To my knowledge, he has never said anything like that before or since. We’ve now been working together for about eight months. And neither of my colleagues in Marketing has ever raised this. I just know I shouldn’t have let it go. (Also, we are now working remotely, so an added dimension of this is how to have this conversation while on video chat.)
Oooh, yes, you’ve got to bring it up. It’s not great that weeks have gone by, but it would be far worse to let it go longer.
If you talk regularly, do it the next time you talk. If you don’t, set up a call with him. Say this: “I should have addressed this right away when it happened, and I apologize for not doing that. You made a joke about Jews in our meeting with Marketing that stunned me, and I was negligent in letting it go at the time.” At this point he’ll hopefully acknowledge it and indicate he regrets it, and then you can emphasize, “You absolutely cannot make jokes about religion, race, gender, disability, national origin, sexual orientation, or any other demographic.” If he seems to get it, you can leave it there. If he tries to minimize it (even if only to save face) or defend it, then you have a bigger problem on your hands.
And you can do this over the phone or video chat just like any other work-related message you need to communicate. But do it ASAP; it becomes more of a problem the longer you wait.
You should also talk to the other people who were in the meeting, apologize for not handling it on the spot, and let them know you’ve spoken to the employee about it. If you don’t do that piece, you risk them thinking you were fine with it, and that can have a huge impact on their trust in you.
4. Should I include a temporary retail job on my resume?
Like many others, I’m in the unenviable position of having been laid off from my job because of coronavirus. I’d been working there for 13 years, and I had already been job-hunting for about a year when I got the call on April 2. Because it was retail and I’d never made much money, I’ve taken a temporary job at a big-box retailer in order to pay the bills (since unemployment benefits are delayed by a still-unclear number of weeks in my state) and in order to keep my brain from unraveling. The job is expected to last at least 90 days but has no guarantee of continuation after that, and I live in an at-will state in the middle of a pandemic so if we’re being honest, there’s no guarantee of anything at all.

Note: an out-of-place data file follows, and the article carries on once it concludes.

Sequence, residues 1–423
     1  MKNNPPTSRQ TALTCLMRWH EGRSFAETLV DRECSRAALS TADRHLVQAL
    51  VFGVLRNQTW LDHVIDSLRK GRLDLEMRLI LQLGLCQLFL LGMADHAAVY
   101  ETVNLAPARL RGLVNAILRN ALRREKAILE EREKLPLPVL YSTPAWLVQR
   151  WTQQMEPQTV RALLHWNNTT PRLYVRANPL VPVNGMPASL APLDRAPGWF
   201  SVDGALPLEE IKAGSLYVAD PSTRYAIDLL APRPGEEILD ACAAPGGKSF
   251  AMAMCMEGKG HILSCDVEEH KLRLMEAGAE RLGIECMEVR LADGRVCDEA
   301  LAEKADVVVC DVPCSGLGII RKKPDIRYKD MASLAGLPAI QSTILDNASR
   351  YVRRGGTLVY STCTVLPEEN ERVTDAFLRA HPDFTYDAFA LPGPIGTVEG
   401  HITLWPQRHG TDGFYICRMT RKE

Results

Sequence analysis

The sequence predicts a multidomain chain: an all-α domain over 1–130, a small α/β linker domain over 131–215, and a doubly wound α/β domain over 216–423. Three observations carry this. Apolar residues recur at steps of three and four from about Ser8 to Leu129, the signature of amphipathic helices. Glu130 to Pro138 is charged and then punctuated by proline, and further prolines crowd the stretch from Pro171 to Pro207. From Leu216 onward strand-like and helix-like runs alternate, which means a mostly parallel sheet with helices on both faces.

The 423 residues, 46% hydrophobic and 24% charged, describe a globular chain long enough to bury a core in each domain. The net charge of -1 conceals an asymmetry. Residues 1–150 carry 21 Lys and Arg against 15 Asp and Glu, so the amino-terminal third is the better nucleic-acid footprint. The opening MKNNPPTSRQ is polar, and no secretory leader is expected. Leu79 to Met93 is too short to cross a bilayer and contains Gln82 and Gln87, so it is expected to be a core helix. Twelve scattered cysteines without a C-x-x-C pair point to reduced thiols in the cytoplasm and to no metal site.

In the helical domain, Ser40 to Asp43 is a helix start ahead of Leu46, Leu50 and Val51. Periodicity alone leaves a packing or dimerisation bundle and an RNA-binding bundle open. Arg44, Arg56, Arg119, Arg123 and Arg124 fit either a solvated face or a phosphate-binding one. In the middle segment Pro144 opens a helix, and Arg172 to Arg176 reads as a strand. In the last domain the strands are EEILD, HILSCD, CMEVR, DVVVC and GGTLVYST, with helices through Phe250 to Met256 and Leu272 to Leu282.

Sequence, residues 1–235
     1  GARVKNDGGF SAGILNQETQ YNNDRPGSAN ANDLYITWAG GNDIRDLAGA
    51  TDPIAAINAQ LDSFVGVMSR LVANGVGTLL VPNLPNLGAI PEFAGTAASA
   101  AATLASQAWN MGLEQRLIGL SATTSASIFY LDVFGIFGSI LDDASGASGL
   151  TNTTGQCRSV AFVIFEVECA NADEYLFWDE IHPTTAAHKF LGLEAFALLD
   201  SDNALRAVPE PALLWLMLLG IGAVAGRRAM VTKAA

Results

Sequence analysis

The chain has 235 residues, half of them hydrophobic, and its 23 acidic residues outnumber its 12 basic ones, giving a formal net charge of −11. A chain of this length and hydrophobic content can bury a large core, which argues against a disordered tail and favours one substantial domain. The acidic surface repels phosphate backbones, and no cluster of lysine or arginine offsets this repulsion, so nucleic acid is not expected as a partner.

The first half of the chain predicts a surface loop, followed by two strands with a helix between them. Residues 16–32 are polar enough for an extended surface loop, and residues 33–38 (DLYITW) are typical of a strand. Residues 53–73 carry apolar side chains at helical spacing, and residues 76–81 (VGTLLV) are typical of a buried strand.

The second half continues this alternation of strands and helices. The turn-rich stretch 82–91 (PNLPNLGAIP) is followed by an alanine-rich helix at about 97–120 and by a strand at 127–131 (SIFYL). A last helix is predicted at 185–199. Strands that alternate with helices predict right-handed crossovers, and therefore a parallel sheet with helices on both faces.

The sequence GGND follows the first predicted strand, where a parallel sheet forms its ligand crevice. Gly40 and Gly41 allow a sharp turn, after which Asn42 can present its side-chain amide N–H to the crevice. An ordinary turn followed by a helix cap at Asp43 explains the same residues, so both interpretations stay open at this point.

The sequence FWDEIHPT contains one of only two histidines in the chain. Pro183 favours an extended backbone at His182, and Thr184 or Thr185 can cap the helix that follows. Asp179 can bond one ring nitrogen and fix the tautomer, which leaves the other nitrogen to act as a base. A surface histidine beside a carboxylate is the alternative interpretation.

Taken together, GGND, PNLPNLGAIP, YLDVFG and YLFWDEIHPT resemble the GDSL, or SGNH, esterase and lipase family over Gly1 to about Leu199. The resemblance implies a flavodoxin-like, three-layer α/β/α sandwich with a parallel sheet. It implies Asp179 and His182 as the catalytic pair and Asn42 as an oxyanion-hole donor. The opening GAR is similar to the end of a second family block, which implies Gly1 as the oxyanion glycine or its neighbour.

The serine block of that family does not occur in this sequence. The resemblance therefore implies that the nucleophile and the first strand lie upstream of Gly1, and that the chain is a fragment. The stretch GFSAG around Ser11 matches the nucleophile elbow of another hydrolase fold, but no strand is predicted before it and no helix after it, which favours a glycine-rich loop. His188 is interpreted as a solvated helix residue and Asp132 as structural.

As I continue to look for a new permanent job, should I edit my resume to include this temporary gig? Should I leave it off the resume but include it in online fill-in applications? I don’t necessarily want future employers to think I’ve been unemployed when I haven’t been, but I also wonder how much a temporary position really matters. On a semi-related note, I’m not sure anymore how to answer when online fill-ins ask whether I’ve ever been terminated or asked to resign from a job. I suppose technically I was terminated, but does that question mean layoffs as well as firings?
It’s fine to leave it off your resume. It’s not likely to strengthen your candidacy since it’s not your line of work, and having a period of unemployment now will not be surprising or concerning in the least. (Drop whatever worries you have about employers seeing you’re unemployed for a few months or having a resume gap — those are just not issues in this situation.) If an online application asks you to include every job in the last X years, you should include it, but otherwise you don’t need to put it there either.
And when applications ask if you’ve ever been terminated or asked to resign, they generally mean firings — not layoffs. So you should be fine answering “no” there.
5. How to support grocery workers
Would you consider asking readers about how to support grocery (and similar workers) now? I am high risk and have been gratefully relying on curbside pick-up the past month and foreseeable future. They aren’t allowed to accept tips but I know they are working in a very risky situation for crappy pay. Is there anything I can do for them?
I will happily throw this out to readers for ideas. Readers?
company photoshopped makeup on our headshots, employee made an anti-Semitic joke, and more was originally published by Alison Green on Ask a Manager.